That was in 2003 and he started with a completely blank canvas. “There had never been a finance director before… the business didn’t really have any leadership before John was appointed.” Daunting, yes – “there were plenty of moments where I thought, ‘oh Lordy, what do people normally do about this?’” – but what an opportunity. Hare got to put in place all the systems needed while working with Hoy to set out a clear and sustainable strategy. He built a central management function to empower the employees and make the business more transparent; rebuilt the balance sheet; ironed out problems with the bank – “it’s probably unique to landed estates, their legal structures are often a shambolic mess” – launching an Unauthorised Unit Trust regulated by the FCA; and convinced the board of trustees the business needed an auditor (Grant Thornton, because it had an Oxford office). “If my time as FD working with John was spent on the process of helping the business be more outward-looking, the next phase was to find our place in the modern world.”

In some ways, the business is much like any other – new revenue streams, sustainability, engagement, community… But it is also unorthodox and complex. As Hare points out, if you ask yourself why a landed estate exists, it’s a difficult question to answer. “We’re here because a talented guy 300 years ago won a battle and was rewarded. What’s its purpose now other than what a duke wants? It’s not like Disney, whose purpose is to tell the world’s greatest stories. But we’re in a world where the asks we make of the communities living around us are much bigger than they ever were. When you realise that you have to start articulating your purpose to the outside world.”

And that’s where we meet Hare now: appointed this year as chief executive after Hoy announced he was leaving to join property consultancy Bidwells, he finds himself yanked away from the anonymity of the back-office geek role and in front of people like us, pushing a message. He’s cast his reticence aside to explain to the world why the business takes the decisions it does. “There’s no vision for a successful Blenheim Palace that doesn’t vitally depend on Woodstock and the community around us also being prosperous and flourishing. But the same is true in reverse; there is no way all the communities around us can flourish if Blenheim is going down the toilet,” states Hare.

That’s unlikely on his watch, especially now he feels the purpose has been defined. “We’re here to be the economic lifeblood of the community,” he says. “To enhance the lives of the people around us and to share this amazing place. It’s not about us being a charity, it’s explicitly saying we will choose the ways in which we make money to be ways that massively benefit the local community. We will work hard to triple our economic contribution to the area, measured consistently over 10 years.”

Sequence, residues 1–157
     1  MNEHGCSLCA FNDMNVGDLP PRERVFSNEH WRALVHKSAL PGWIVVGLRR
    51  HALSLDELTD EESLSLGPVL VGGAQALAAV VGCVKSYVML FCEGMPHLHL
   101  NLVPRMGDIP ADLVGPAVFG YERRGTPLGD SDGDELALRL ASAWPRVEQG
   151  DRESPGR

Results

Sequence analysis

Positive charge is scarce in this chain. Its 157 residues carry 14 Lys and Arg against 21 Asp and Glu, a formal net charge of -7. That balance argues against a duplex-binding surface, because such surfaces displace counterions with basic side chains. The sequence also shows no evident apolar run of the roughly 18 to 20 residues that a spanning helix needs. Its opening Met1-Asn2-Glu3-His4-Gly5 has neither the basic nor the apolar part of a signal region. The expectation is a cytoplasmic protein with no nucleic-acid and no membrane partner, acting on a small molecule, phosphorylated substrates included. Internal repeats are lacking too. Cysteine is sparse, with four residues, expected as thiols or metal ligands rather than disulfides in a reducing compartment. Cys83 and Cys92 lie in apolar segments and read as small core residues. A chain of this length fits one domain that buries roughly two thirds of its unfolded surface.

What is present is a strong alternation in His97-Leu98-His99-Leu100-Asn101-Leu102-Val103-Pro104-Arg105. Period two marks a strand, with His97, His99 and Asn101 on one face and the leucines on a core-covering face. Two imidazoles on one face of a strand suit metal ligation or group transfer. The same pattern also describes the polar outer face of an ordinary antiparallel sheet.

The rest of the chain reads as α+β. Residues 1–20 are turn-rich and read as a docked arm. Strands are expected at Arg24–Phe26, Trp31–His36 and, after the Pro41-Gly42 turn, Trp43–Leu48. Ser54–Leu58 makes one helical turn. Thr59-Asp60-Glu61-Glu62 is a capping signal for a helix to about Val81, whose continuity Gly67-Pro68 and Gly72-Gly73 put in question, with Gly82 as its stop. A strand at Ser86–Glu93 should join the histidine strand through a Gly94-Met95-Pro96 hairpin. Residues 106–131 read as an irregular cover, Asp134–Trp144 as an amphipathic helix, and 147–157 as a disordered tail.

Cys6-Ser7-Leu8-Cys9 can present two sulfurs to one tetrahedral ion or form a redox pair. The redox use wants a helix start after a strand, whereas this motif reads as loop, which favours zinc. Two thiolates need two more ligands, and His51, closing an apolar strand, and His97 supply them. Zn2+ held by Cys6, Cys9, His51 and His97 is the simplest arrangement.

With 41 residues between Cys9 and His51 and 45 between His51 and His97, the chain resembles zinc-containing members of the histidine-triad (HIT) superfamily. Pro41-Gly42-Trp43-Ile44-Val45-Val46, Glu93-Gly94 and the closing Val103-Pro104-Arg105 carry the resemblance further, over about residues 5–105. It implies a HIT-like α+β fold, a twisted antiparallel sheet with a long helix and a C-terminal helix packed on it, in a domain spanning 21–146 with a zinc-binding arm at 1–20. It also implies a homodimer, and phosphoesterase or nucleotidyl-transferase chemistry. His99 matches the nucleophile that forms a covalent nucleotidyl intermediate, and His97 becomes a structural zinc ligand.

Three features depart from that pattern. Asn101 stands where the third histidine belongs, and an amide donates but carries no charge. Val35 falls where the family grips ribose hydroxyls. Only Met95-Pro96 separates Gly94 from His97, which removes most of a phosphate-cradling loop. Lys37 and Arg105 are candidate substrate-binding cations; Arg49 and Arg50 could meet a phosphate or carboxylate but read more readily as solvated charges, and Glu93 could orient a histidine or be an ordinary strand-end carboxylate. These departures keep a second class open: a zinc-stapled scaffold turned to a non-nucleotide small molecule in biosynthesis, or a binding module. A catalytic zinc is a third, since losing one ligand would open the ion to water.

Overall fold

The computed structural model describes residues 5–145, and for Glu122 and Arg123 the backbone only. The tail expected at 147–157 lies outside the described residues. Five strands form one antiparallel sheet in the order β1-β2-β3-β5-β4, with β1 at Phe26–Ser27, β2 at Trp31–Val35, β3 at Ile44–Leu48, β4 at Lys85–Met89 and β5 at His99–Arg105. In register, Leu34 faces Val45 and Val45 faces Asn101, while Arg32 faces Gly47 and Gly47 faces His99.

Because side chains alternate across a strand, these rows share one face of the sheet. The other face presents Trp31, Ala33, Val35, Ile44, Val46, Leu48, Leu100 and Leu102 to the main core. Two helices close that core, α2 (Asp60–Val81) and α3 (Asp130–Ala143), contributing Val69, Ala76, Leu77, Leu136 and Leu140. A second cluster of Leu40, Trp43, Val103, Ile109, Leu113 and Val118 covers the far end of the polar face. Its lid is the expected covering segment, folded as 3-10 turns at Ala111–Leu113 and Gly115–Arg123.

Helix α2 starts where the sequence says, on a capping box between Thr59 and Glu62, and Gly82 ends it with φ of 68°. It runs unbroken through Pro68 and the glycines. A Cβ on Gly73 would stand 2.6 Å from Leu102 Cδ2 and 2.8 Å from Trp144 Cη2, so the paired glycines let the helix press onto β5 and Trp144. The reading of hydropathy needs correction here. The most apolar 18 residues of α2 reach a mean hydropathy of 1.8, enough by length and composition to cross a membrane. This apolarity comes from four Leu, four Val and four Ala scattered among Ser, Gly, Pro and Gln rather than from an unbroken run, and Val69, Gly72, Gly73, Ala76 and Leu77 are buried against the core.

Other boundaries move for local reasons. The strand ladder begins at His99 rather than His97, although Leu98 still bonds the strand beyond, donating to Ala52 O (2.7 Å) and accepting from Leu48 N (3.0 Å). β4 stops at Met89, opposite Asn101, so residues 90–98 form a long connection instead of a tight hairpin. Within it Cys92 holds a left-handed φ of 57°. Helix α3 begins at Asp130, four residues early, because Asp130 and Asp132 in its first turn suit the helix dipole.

It’s a balancing act, but Hare is confident. “We have this amazing diversity, for example: foresters, farmers, marketing, finance, tourism, electricians, carpenters, household people, construction. But we’ve never sat down with local people and said, ‘we’re going to make sure your children can afford to live in this area by building affordable housing; we’ll offer apprenticeships so they can be trained’. It’s only recently we’ve turned our faces to that.”

The 12th Duke adds another dimension. If Hare wants any kind of legacy, rather heroically it’s that people associate the Duke with the way Blenheim has improved rather than with references to his past.

“He’d be the first to put his hand up and say that was awful,” says Hare. “I really want the world to look at him in 10 years’ time and say, ‘wow, what he has led at Blenheim is spectacular’.”

He adds: “I think estates tend to reflect their dukes. The 11th Duke was a private man, the 12th Duke you’ll often see posing for pictures with the visitors. This is a duke who is keen to make a difference. He is someone who wants not only the fabric of Blenheim to be in better condition, but who also wants its place in the world and its place in the community to be better. We have astonishingly long time frames, our legacy really matters to us.”

Which goes back to why the business is pushing out its 10-year vision: putting teeth on it; explaining the numbers (it’s a £25m turnover business); eventually sharing the annual report; describing how much sustainable energy it has generated; or why it might have fallen short of a target.

“And this isn’t new CEO, new ideas,” stresses Hare. “To set these goals even five years ago would have been complete pie in the sky. We’ve spent several years getting to this point.” This point being record visitor numbers (including a growing number of Chinese, including VIPs), record mineral water sales (sourced and bottled on the estate), record weddings, conferences and banqueting, record properties being built and let, record planning consents and, in February, a Gold Accolade as part of VisitEngland’s Visitor Attraction Quality Scheme.

All of this needs maintenance, and Hare is cultivating an experienced leadership team around him. He has the wisdom of the board of trustees, a combination of family members, professional advisers and a small group of “commercially very successful friends of the family” who are there to act as friend and counsel.

These include the aforementioned Sir Rocco and Sir Mark Weinberg (the founder of St James’s Place Wealth Management). “When you hear people like Sir Mark and Sir Rocco supporting you to take on a new challenge, if you’re having a wobble, you can take comfort in that.” And other landed estates he likes – Chatsworth, the Duchy of Cornwall, the Northumberland Estate, Hatfield House – keep in touch and share information.

You see why Dominic Hare tends to pinch himself every now and then. I wonder what event he’d like to see at Blenheim that would really set his pulse racing? “An RHS flower show would be brilliant. But I’d love to see King William’s coronation procession come through here,” he says. Well, the Prince of Wales’s Accounting for Sustainability project works with the global accounting community. Someone from the royal household might be reading…


Topics